Subject(s)
Botulinum Toxins , Mammaplasty , Humans , Injections, Intramuscular/methods , Pain , Pectoralis Muscles/surgery
12.
Breast Cancer ; 29(2): 242-246, 2022 Mar.
Article in English | MEDLINE | ID: covidwho-1469776

ABSTRACT

PURPOSE: Elective operations including surgeries for breast cancer were significantly reduced during the height of the surge of COVID-19 cases in Massachusetts. The safety of performing breast reconstruction during the pandemic was unknown. This study aims to review the safety of performing mastectomy with immediate breast reconstruction during the first COVID-19 surge in Massachusetts. METHODS: A retrospective chart review of patients who underwent mastectomy with immediate breast reconstruction by Massachusetts General Hospital breast and plastic surgeons immediately preceding and during the COVID-19 pandemic was performed. RESULTS: Thirty patients (34 breasts) underwent mastectomies with immediate breast reconstruction during the COVID-19 restriction period in Massachusetts. Most reconstructions were unilateral. All reconstructions were performed with implants or expanders, and no autologous reconstructions were performed. Two patients (2 breasts) had operative complications. The complication rate during the pandemic was similar to the complication rate pre-pandemic. No patients or surgeons experienced symptoms or positive COVID-19 tests. Over 90% of patients were discharged the same day. CONCLUSION: Prosthetic breast reconstruction was able to be performed safely during the height of the COVID-19 pandemic surge in Massachusetts. Strict screening protocols, proper use of personal protective equipment, and same-day discharge when possible are essential for patient and surgeon safety during the pandemic.


Subject(s)
Breast Implants , Breast Neoplasms , COVID-19 , Mammaplasty , Breast Implants/adverse effects , Breast Neoplasms/complications , COVID-19/epidemiology , COVID-19/prevention & control , Female , Humans , Mammaplasty/adverse effects , Mammaplasty/methods , Mastectomy/adverse effects , Pandemics/prevention & control , Postoperative Complications/epidemiology , Postoperative Complications/etiology , Postoperative Complications/surgery , Retrospective Studies , SARS-CoV-2
13.
J Plast Reconstr Aesthet Surg ; 75(1): 112-117, 2022 01.
Article in English | MEDLINE | ID: covidwho-1458637

ABSTRACT

INTRODUCTION: COVID-19 has disrupted the provision of breast reconstructive services throughout the UK. Autologous free flap breast reconstruction was restarted in our unit on 3 June 2020. We aimed to compare the unit's performance of microsurgical autologous breast reconstruction in the "post-COVID" period compared with the exact time period in the preceding year. METHODS: We retrospectively reviewed prospectively collected data in the "pre-COVID" (from 3 June 2019 to 31 December 2019) and "post-COVID" period (from 3 June 2020 to 31 December 2020). Patient demographics included age, body mass index, co-morbidities, Anaesthesiologists (ASA) grade and smoking status. Surgical factors included neoadjuvant chemotherapy, previous chest wall radiotherapy, unilateral or bilateral reconstruction, reconstruction timing, number of pedicles, contralateral symmetrisation and other procedures. dependant variables were ischaemic time, operative time, mastectomy weight, flap weight, length of stay, return to theatre and complication rates. The number of trainers and trainees present in theatre was recorded and analysed. RESULTS: Fewer DIEP flaps were performed in the "post-COVID" period (45 vs. 29). No significant difference was observed in mastectomy resection weight, but flap weight was significantly increased. No significant difference was found in ischaemic time as well. The postoperative length of stay was significantly reduced. No significant difference was found in rates of return to theatre, unplanned admission, infection, haematoma, seroma or wound dehiscence. No cases of venous thromboembolism or flap failures were recorded. The mean number of trainers and trainees, and the trainee-to-trainer ratio was not found to be significantly different between cohorts. CONCLUSION: Although fewer cases were performed, autologous breast reconstruction was safely delivered throughout the COVID-19 pandemic in the first wave without affecting training.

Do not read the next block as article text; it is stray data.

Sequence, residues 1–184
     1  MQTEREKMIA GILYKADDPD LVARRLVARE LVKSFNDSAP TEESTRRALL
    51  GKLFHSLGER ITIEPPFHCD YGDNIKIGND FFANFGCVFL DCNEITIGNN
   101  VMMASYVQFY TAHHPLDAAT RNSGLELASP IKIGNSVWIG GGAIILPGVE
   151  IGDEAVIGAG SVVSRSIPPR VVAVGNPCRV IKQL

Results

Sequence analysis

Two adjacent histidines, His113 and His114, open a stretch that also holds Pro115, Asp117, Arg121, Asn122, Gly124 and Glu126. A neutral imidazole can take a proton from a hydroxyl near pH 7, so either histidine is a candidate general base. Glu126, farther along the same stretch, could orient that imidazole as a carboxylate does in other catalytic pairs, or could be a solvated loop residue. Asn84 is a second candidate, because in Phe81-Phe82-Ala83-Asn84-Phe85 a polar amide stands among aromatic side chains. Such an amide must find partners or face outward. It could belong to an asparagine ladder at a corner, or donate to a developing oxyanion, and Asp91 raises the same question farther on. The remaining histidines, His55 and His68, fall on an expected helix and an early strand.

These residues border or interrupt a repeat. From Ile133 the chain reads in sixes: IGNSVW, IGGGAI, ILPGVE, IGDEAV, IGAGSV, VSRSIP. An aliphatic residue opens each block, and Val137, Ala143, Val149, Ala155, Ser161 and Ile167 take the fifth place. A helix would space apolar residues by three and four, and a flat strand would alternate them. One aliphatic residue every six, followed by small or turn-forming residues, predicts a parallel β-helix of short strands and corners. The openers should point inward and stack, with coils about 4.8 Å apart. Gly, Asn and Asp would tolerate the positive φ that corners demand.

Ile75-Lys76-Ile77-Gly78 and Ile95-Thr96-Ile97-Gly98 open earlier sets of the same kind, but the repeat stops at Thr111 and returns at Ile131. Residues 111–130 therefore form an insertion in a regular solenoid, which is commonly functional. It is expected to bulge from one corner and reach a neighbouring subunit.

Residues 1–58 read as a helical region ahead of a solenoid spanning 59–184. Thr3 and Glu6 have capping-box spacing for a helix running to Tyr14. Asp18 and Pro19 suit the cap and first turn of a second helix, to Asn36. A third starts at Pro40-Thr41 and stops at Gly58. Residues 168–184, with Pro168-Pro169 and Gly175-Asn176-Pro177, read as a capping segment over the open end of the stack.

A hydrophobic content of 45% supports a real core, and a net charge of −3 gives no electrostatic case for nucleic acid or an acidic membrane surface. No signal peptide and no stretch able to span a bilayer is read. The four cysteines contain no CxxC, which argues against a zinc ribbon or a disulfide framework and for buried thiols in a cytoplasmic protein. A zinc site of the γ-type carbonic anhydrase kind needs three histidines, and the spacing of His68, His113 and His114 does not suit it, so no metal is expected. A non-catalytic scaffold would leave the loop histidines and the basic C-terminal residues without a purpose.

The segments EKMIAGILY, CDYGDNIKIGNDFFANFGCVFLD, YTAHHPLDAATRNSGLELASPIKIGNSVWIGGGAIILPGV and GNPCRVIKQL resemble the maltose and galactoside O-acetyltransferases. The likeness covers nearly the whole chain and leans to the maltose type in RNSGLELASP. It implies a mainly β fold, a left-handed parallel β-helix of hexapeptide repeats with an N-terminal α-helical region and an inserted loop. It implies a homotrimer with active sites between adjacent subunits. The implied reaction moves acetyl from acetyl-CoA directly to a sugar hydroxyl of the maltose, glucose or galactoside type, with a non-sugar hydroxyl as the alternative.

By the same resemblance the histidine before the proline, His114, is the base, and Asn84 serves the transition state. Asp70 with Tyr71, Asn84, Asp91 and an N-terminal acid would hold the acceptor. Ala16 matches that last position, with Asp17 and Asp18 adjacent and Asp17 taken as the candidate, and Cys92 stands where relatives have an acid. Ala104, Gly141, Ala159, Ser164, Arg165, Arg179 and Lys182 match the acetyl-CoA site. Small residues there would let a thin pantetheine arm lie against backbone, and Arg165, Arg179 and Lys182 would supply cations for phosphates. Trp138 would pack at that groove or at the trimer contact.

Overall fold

Subject(s)
Breast Neoplasms/surgery , COVID-19/epidemiology , Free Tissue Flaps/transplantation , Mammaplasty/methods , Microsurgery/methods , Female , Humans , Length of Stay/statistics & numerical data , Mastectomy , Middle Aged , Pandemics , Retrospective Studies , SARS-CoV-2 , Transplantation, Autologous , United Kingdom/epidemiology
14.
Anticancer Res ; 41(9): 4535-4542, 2021 Sep.
Article in English | MEDLINE | ID: covidwho-1395532

ABSTRACT

BACKGROUND/AIM: Due to the SARS-CoV-2 pandemic, many scientific committees proposed neoadjuvant therapy (NACT) bridging treatment as a novel strategy and indication. The aim of the study was to evaluate the impact of COVID-19 pandemic on breast cancer patients undergoing NACT. PATIENTS AND METHODS: All breast cancer patients referred to two Breast Units during COVID-19-pandemic were enrolled. RESULTS: Out of 814 patients, 43(5.3%) were enrolled in the COVID-19-group and compared with 94 (7.9%) similar Pre-COVID-19 patients. We observed a reduction in the number of patients undergoing NACT, p=0.0019. No difference was reported in terms of clinical presentation, indications, and tumor response. In contrast, a higher number of vascular adverse events was reported (6.9% vs. 0% p=0.029). Immediate breast cancer reconstructions following invasive surgery suffered a significant slowdown (5.9% vs. 47.7%, p=0.019). CONCLUSION: COVID-19 caused a reduction in the number of patients undergoing NACT, with no changes in terms of indications, clinical presentation, and tumor response. Furthermore, there was an increased incidence of vascular events.